“We must never be apart”
Concert review: The Smashing Pumpkins at Chaifetz Arena, St. Louis, MO – October 18, 2012 Published by Jeff Becker, October 19, 2012.
Oceaniaalbum performed in its entirity Space Oddity (David Bowie cover) X.Y.U. Disarm Tonite Reprise Tonight, Tonight Bullet With Butterfly Wings A Song for a Son Zero Cherub Rock Encore: Ava Adore Whole Lotta Love (Led Zeppelin cover) Muzzle
The world of music is fortunate to have them, still. While the mainstream FM music-listening fan that liked ‘1979’ back in the mid-90’s and now drives out to Walmart to buy the latest Daughtry or Nickelback CD for their spouse is the type of fan that can help fill an arena, they aren’t the type of fan you’ll find in 2012 at a Smashing Pumpkins concert. Those FM fans think Kurt Cobain’s output is still the driving force of the 90’s. It’s not. Give them the new material from Mr. Corgan. It may not have the epic sound of Siamese Dream but that’s OK, because if someone wants the epic sound of Siamese Dream they can walk out to their car and listen to the very epic sound of Siamese Dream – or better yet, go listen to one of the many Siamese Dream influenced bands (i.e., The Pains of Being Pure at Heart, for example). Long gone are the days to rehash ‘‘Zero’, ‘Bullet With Butterfly Wings’, ‘Disarm’, ‘Today’,…etc. Enough already.
Mr. Corgan wants to challenge himself and challenge his fans. Mission accomplished. Challenges separate the true fans from the mid-90’s crowd that lost interest when Adore didn’t have a song that sounded like ‘Hummer’. And challenge fans he does. Sometimes they like it, and at times during the past 10 years, they don’t – but it’s rarely boring and it’s all balls on Corgan’s part. Publications like Pitchfork are so Radioheaded that they can’t imagine anyone else makes music. Shame. Corgan is probably right when he says he could still write songs for Siamese Dream part 2 if he wanted to. I agree. The Beatles could have recorded Sgt. Pepper part 2 but instead took away the overdubs and recorded Let it Be in a nearly live setting. Corgan wants as little of the past as possible. Songs like ‘Glissandra’, ‘Inkless’, ‘Pinwheels’ sound nothing like anything Corgan has recorded before. Better yet, they sound nothing like anything that anyone is recording right now. This rather jovial show at the Chaifetz arena was a partially filled event featuring the normal crowd you’d expect; loyal followers of a polarizing musician that when he is on, is as innovative as any songwriter in the past two decades. Remarkably well-spoken, clearly driven and confident he’s a remarkable case study quite frankly. His body of work of the past 20 years is matched or surpassed only by the likes of Radiohead and a few others. The arena show evokes the images of Pink Floyd’s tours in the 70’s, 80’s and 90’s, but within 20 minutes into the show – your eyes are off the big Orb and back on Corgan’s guitar. Where normally it would be easy to suggest disbanding with the idea of playing in these basketball arenas, it is needed here for the light show. Yes, the music would sound better in some majestic theater with walls built for acoustics instead of one built for volleyball games – but if Corgan wants to marry his new album and some greatest hits with the Orb, so be it. He’ll be back again, in a theater or small club soon enough.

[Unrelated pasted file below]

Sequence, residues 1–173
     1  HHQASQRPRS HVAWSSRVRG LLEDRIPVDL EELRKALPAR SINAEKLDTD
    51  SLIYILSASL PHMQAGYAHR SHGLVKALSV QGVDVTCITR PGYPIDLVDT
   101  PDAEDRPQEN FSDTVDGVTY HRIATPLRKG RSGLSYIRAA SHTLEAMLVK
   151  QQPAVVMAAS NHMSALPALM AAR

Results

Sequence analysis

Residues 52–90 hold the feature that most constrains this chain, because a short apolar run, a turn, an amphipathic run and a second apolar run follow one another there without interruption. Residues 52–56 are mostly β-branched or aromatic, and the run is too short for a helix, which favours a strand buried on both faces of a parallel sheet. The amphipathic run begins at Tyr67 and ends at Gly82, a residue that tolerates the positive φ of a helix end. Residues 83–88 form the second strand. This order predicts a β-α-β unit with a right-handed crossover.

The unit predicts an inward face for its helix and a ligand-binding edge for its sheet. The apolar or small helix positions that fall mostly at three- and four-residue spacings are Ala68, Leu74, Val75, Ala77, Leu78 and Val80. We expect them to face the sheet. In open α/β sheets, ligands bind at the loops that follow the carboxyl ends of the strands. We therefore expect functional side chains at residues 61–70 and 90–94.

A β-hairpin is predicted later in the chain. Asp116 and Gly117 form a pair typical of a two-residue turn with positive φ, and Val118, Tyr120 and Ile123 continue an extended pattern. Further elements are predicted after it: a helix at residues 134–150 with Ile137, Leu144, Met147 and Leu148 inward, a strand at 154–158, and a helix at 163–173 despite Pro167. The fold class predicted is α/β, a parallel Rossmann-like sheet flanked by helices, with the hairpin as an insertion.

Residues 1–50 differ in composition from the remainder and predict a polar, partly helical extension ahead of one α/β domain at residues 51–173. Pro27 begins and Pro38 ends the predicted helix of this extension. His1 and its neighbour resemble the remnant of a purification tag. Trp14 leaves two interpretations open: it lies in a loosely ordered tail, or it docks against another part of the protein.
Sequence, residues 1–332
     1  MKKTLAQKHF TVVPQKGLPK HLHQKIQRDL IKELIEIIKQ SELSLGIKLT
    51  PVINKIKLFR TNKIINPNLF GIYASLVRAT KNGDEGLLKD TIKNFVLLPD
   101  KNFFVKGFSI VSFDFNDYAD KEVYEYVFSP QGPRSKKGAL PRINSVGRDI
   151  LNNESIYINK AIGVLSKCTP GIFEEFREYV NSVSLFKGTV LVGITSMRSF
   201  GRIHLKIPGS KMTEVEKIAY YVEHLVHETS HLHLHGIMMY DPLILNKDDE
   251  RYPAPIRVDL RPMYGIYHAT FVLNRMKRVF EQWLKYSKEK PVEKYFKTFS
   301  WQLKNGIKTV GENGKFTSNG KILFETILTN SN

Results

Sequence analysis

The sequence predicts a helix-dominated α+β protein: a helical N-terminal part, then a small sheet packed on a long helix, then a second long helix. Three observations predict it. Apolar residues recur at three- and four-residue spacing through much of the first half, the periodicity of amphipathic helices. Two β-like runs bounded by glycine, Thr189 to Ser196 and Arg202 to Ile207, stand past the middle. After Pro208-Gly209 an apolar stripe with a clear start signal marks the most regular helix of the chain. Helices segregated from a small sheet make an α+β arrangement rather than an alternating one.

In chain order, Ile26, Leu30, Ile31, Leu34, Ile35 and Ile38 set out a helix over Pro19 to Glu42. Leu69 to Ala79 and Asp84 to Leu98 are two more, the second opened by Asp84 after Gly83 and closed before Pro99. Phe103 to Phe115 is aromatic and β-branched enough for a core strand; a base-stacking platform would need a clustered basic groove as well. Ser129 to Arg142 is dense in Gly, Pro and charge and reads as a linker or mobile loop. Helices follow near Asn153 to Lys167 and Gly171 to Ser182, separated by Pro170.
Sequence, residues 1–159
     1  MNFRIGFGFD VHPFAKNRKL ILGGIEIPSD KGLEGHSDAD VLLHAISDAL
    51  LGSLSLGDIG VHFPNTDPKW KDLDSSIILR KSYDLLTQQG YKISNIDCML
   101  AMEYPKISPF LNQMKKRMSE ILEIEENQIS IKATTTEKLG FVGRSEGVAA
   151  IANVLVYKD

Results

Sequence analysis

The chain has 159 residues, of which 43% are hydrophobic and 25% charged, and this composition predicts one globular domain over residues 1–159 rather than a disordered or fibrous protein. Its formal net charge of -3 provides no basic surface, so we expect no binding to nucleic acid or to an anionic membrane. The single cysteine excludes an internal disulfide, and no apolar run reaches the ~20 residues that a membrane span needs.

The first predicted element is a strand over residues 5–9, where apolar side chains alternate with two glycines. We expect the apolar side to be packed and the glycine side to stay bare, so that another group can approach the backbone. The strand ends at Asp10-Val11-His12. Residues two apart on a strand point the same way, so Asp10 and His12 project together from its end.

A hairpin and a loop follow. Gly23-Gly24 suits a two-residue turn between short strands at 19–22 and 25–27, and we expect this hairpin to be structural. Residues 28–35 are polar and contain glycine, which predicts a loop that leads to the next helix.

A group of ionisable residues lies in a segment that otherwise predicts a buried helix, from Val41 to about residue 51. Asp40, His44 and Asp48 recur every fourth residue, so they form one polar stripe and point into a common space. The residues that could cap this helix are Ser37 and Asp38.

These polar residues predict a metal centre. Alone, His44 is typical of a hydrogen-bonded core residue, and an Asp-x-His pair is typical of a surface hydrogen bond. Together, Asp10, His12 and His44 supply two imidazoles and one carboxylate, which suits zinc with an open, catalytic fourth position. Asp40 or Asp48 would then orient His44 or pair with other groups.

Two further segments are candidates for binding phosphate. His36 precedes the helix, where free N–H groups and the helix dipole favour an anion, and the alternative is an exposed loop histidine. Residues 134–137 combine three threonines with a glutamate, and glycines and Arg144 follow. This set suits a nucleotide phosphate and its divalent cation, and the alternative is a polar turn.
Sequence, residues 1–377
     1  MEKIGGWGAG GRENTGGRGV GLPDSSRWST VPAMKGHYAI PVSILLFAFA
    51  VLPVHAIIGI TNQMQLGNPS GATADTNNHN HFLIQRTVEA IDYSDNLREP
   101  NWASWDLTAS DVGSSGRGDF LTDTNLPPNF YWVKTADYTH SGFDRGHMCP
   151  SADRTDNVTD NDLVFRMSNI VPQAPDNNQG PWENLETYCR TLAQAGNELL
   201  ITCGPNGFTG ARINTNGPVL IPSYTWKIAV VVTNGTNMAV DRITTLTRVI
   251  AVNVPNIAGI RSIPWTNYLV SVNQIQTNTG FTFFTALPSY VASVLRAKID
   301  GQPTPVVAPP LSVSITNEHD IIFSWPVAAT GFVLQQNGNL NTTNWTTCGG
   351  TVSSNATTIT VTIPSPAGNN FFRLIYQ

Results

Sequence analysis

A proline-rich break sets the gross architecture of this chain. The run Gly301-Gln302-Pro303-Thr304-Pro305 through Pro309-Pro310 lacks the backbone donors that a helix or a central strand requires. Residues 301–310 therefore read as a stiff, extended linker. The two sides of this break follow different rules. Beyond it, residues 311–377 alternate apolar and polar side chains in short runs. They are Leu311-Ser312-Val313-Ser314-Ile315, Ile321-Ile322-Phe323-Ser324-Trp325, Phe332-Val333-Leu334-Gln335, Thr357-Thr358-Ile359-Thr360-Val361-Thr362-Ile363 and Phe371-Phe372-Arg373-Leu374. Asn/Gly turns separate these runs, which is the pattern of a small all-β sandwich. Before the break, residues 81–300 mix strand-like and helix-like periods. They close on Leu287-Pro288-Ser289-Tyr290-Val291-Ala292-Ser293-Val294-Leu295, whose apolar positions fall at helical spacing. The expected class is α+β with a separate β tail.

Corgan’s Ace-in-the-hole this time around – the thing that separates this from Zwan and other Pumpkin extreme makeovers is the high quality of the individuals in the current band. The pressure it takes off Corgan is huge. Each member of the current lineup (Nicole Fiorentino, Jeff Schroeder and Mike Byrne) look like the type of person you’d feel comfortable leaving your kids with for 3 days. You would’ve been scared to ask for a stick of gum from anyone in Zwan and some of the past members of the Pumpkins were a train wreck in slow motion. The ease at which Corgan can now play, write and create is apparent. It’s timely and it’s the underlying factor in the success of Oceania (their first great album since 1998) and its exhilarating live show. If Corgan had tragically gone away in 1997 he’d be the iconic star of yesterday like Cobain and many others are, and thank God he’s not.
Click here for our review of the Oceania album
Click here for our review of the Smashing Pumpkins in Milwaukee in 2011
Click here for our article on the brief Machina 2 sale this year on eBay
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